In Manuella Martelli’s 1976 or Chile ’76, Carmen remodels her summer house in Las Cruces while her husband works as a doctor in Santiago’s capital. She is occasionally visited by her husband, children, and grandchildren at the summer house but mostly stays alone with her maid, Estelita. She goes about her day carrying out her role as a homemaker and monitor, directing the renovation and interior designing of her summer house and occasionally taking up the role of a ‘literature teacher’ reading books for the blind people in her area.
Pent up in her upper-class existence, occupied with choosing colors to paint her house, she, along with the rest of her family, is unaware of the political turmoil her country faces under the brutal and bloody regime of Augusto Pinochet. When the former red cross member Carmen tends to the wounds of a ‘common criminal,’ Elias, upon the request of the family priest, lines between comfort and horror are skewered as she gets caught between healing a political rebel and evading Pinochet’s militants.
The film follows Carmen’s political awakening as she recognizes the privileged yet alienated existence she experiences from the rest of the Chilean population as a result of her upper-class beingness and marriage to a Pinoche sympathizer and simultaneous paranoia at the constant dread of being caught.
Carmen is a character undergoing constant growth throughout the narrative. Once desiring to be a doctor but turned down by her conservative father, she is shown to live a confined upper-middle-class life devoid of meaning. When presented with the opportunity to demonstrate the skills she picked up as a Red Cross worker years ago, she believes she has the opportunity to contribute something to the world beyond her parochial role as a wife and mother. However, despite later realizing that she was treating an individual subject to government persecution, she continues treating him as she starts believing in their cause. She eventually tries to initiate dialogue with Elias’ comrades and formulate a plan to safely transfer him to them. These actions depict how she grows out of her gendered confines and her class contours, thereby shedding the self-dawn apolitical veil and taking a dissenting stance against the tyrannical oppression of the Pinochet regime.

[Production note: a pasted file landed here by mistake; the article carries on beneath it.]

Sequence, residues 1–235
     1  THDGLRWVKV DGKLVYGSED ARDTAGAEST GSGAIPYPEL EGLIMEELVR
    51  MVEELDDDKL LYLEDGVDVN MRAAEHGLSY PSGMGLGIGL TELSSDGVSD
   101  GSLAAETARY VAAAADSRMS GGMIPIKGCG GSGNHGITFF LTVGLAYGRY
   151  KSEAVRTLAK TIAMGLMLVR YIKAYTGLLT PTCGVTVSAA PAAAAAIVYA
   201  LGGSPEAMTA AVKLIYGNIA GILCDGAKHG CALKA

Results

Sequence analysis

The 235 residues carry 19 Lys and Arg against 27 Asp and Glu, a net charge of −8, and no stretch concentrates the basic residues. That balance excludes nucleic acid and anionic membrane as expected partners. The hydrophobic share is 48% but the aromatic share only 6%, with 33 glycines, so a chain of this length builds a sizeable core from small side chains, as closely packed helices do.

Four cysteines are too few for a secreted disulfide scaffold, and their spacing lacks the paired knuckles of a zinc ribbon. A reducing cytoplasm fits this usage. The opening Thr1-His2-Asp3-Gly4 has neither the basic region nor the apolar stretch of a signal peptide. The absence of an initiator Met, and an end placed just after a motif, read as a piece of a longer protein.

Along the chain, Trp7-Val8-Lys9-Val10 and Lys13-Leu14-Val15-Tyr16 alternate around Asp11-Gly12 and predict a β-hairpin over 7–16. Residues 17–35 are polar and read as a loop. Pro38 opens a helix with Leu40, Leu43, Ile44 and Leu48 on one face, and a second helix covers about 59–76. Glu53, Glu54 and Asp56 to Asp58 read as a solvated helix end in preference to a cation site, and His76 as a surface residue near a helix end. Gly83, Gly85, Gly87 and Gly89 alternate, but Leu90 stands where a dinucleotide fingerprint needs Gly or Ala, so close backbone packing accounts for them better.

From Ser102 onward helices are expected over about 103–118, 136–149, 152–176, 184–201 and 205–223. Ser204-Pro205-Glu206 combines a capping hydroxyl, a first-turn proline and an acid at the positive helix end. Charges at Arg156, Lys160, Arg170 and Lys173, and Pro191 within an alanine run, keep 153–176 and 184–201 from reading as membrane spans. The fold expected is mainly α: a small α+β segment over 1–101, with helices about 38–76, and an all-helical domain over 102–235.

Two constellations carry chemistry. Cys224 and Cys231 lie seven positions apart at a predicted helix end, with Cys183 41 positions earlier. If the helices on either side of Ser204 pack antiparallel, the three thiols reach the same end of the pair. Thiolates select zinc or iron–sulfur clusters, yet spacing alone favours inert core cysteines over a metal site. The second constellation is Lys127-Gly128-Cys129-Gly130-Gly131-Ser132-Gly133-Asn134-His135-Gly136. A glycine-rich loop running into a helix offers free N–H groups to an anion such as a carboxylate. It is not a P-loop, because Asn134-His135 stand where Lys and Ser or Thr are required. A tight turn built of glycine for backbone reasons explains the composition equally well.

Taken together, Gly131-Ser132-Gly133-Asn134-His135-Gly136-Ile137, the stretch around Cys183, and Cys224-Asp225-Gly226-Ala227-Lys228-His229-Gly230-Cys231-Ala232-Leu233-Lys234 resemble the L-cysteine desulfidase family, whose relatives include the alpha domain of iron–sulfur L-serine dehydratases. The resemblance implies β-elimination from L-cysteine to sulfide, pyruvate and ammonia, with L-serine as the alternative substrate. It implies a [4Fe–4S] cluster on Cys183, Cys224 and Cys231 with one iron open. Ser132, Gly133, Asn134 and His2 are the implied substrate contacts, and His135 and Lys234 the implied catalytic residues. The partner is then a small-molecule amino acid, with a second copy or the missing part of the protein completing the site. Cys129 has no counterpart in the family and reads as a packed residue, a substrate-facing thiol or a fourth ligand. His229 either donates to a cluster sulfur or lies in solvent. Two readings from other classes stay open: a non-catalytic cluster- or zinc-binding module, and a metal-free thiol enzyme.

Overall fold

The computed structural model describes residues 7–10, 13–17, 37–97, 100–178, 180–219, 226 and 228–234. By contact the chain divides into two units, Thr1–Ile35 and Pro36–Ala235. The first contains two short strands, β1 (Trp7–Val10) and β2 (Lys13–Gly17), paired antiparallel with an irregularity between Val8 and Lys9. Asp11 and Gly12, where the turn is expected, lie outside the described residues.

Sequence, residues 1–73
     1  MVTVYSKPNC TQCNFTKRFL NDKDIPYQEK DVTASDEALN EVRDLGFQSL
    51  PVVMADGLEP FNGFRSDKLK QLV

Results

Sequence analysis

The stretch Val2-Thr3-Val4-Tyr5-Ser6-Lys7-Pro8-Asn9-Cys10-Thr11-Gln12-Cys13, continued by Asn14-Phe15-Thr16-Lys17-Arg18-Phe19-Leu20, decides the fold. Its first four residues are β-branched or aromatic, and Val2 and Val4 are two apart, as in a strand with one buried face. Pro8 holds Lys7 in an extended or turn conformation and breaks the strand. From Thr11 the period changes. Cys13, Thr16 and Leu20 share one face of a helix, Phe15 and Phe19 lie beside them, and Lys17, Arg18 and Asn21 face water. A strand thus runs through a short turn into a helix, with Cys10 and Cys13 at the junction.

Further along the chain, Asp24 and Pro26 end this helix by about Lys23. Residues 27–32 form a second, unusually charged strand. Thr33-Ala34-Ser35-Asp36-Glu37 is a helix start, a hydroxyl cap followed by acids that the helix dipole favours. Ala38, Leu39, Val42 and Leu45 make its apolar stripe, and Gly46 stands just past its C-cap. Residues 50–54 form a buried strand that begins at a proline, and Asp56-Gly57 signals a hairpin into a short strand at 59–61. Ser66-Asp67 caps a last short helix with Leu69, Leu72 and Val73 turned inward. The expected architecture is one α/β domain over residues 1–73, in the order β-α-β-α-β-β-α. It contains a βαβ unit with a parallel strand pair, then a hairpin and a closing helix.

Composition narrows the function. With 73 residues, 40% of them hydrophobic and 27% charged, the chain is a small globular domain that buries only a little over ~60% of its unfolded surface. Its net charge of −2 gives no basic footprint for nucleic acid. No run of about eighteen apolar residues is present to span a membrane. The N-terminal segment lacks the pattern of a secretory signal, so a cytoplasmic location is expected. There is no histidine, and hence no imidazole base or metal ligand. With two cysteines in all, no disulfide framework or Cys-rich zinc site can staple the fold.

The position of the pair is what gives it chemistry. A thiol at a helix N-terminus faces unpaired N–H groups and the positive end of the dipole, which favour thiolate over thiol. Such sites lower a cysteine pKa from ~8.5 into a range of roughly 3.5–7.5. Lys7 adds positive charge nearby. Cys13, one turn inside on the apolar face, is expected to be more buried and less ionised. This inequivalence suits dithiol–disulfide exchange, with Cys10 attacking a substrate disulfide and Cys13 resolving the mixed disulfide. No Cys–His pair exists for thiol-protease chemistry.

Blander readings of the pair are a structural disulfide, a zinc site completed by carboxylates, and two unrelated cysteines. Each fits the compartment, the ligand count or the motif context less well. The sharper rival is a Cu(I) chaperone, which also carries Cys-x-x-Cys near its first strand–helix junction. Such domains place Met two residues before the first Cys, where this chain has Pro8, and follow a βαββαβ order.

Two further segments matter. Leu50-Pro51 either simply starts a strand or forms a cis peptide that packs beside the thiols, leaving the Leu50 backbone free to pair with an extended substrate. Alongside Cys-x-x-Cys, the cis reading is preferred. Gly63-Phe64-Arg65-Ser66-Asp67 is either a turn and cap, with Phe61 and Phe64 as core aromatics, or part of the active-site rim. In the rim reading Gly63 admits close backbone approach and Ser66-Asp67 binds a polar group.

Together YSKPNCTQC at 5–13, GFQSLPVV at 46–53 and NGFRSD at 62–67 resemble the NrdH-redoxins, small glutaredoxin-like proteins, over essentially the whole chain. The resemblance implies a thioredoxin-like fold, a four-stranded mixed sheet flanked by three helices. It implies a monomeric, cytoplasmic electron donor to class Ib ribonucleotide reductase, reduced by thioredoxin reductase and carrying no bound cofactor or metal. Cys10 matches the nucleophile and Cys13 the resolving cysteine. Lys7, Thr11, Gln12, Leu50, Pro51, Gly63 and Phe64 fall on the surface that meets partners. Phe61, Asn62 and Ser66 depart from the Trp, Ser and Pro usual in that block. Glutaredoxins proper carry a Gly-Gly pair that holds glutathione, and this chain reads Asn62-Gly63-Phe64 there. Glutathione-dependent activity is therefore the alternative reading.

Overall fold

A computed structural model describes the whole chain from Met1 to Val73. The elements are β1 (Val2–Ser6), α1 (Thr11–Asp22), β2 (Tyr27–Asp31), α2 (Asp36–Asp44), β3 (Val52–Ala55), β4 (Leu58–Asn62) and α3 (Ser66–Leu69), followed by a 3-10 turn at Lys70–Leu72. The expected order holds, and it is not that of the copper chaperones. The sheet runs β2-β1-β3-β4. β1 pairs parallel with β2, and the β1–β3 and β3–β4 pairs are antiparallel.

One of the most captivating aspects of the film is how it conveys violence in silence. Despite being a period film set in the background of the bloodstained regime of Pinochet, the film does not show any visual gore besides a single bullet wound. However, numerous hints of kidnappings, killings, dead bodies, and oppression are peppered throughout the narrative. In the very opening sequence of the film, a woman is kidnapped as her screams are heard, but the action is not shown; a dead body is found on the beach but is shown in the distant background and therefore blurred almost whenever Carmen’s property is searched and left in a mess, but no action is shown of the search happening.
The film makes audiences feel that Pinochet is right on the heels of Carmen but misses the last bit of conclusive evidence. The film constantly holds information back from the audience as well through this refraining from showing action. Eventually, we are not even shown the action of Elias being caught or if he is dead or alive. There is constant dread as the film moves on from its initial drama to a political thriller.
Similar to not depicting violence, the film also contextualizes the totalitarian characteristics of Pinochet’s regime as well as the dissent against it without ever depicting it directly but repeatedly alluding to it. Audiences are slowly given snippets to piece together the political atmosphere backgrounding the events of the film. The discussion between the workers at Carmen’s house on the unexplained absence of acquaintances, the family priest confessing of how he had to turn over kids he was sheltering, the reports on the increasing number of bodies found at sea, the propaganda telecasts of Pinochet via television, etc., all indicate how rooted Pinochet’s clutch was in the public and personal life of Chilean citizens. The film provides information to piece together the political turmoil characterizing the film at the same rate as Carmen’s political awakening, allowing audiences a more empathetic character study.
With the small runtime it has, the screenplay holds the action tightly together and personifies the suffocation of Carmen. The vibrant yet eerie sound design perfectly complements Carmen’s paranoia and anxiety. The low saturated grading also assists in informing audiences of the apparent class distinction through the clothes that Carmen wears and how they are brighter when compared to the clothes other background characters seem to be wearing. However, while technically conscious in many departments, the film seems to lack a more layered plot as it mostly presents itself as a character study of political awakening but does not push for any real revolutionary initiations and feels self-contained. Nonetheless, 1976’s iteration of Pinochet’s regime through the dissenting lens of Third Cinema provides a visceral and gripping account of revolutionary cinema but still leaves a bit more to be desired.